Francisco Franco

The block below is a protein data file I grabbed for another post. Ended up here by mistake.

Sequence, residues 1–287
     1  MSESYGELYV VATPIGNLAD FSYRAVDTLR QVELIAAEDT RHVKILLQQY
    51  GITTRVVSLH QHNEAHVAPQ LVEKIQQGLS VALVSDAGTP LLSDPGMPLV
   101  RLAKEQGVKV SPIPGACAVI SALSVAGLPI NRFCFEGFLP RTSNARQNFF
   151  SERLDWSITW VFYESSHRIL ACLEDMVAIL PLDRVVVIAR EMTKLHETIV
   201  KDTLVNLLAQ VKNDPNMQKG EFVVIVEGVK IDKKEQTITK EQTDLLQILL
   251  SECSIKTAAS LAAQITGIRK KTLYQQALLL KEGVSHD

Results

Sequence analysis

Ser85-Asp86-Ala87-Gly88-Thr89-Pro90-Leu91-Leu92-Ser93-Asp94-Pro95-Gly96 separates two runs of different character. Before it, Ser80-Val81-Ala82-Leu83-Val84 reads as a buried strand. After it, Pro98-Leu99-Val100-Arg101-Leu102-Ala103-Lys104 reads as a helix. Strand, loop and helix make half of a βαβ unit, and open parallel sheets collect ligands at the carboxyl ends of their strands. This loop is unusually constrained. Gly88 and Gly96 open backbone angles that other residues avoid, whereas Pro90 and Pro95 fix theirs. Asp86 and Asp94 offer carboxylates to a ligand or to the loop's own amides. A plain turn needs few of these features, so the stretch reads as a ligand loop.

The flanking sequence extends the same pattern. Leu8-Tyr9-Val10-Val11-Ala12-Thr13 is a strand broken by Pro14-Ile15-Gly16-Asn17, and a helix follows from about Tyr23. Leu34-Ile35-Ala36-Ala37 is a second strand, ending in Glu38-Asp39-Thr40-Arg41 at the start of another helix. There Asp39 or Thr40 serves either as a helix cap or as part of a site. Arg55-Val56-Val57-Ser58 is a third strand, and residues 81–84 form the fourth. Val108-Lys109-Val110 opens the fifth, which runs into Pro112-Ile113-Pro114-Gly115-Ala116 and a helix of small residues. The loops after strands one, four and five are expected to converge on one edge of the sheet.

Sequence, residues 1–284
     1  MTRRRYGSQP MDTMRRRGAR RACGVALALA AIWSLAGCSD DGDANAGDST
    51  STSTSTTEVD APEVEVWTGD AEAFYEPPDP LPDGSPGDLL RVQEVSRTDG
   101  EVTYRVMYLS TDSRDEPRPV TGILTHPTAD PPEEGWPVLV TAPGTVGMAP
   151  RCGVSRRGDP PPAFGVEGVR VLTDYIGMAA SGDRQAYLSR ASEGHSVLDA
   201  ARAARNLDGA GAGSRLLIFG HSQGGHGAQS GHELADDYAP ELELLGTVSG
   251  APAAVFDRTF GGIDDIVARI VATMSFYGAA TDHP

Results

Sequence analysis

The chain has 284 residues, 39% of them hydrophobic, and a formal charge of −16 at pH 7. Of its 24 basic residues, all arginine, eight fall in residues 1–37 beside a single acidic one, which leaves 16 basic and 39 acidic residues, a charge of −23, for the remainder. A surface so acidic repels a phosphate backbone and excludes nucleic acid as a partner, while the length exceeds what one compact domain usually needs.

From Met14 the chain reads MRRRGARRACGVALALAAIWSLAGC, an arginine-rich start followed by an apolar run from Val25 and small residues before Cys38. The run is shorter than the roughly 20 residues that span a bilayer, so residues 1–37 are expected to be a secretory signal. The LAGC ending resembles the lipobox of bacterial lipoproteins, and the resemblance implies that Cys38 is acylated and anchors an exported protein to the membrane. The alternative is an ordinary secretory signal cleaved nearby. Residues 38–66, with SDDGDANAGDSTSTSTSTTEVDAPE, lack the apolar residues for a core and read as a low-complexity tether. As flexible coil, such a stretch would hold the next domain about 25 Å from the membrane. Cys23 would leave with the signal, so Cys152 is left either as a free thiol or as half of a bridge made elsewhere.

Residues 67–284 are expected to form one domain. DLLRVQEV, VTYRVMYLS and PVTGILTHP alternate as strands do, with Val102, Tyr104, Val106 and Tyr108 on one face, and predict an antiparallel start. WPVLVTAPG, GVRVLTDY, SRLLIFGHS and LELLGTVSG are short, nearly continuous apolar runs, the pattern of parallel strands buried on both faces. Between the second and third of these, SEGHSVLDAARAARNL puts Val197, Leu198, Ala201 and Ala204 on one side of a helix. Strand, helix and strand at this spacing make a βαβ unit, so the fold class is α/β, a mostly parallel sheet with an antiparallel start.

Francisco Paulino Hermenegildo Teódulo Franco y Bahamonde, Salgado y Pardo de Andrade (4 December 1892 in Ferrol – 20 November 1975 in Madrid), commonly known as Francisco Franco (pronounced [fɾanˈθisko ˈfɾaŋko]) or Francisco Franco y Bahamonde was the dictator and Head of State of Spain from October 1936, and de facto regent of the nominally restored Kingdom of Spain from 1947 until his death in 1975. His rule was known for a focus on Spanish nationalism, right wing and traditional values. Franco initially led a notable military career and reached the rank of General. He fought in Morocco and suppressed a strike in 1934 to defend the stability of the Republican government. In February 1936, the left-wing Popular Front won the general election and formed a government. A period of severe instability and disarray followed the election, with escalating violence and distrust between left and right wing supporters. Anti-clerical violence against the Church by leftist militants raised tensions, while the government distrusted both its extreme supporters on the left and sections of the military. After the assassination of a major opposition figure, José Calvo Sotelo, by a commando unit of
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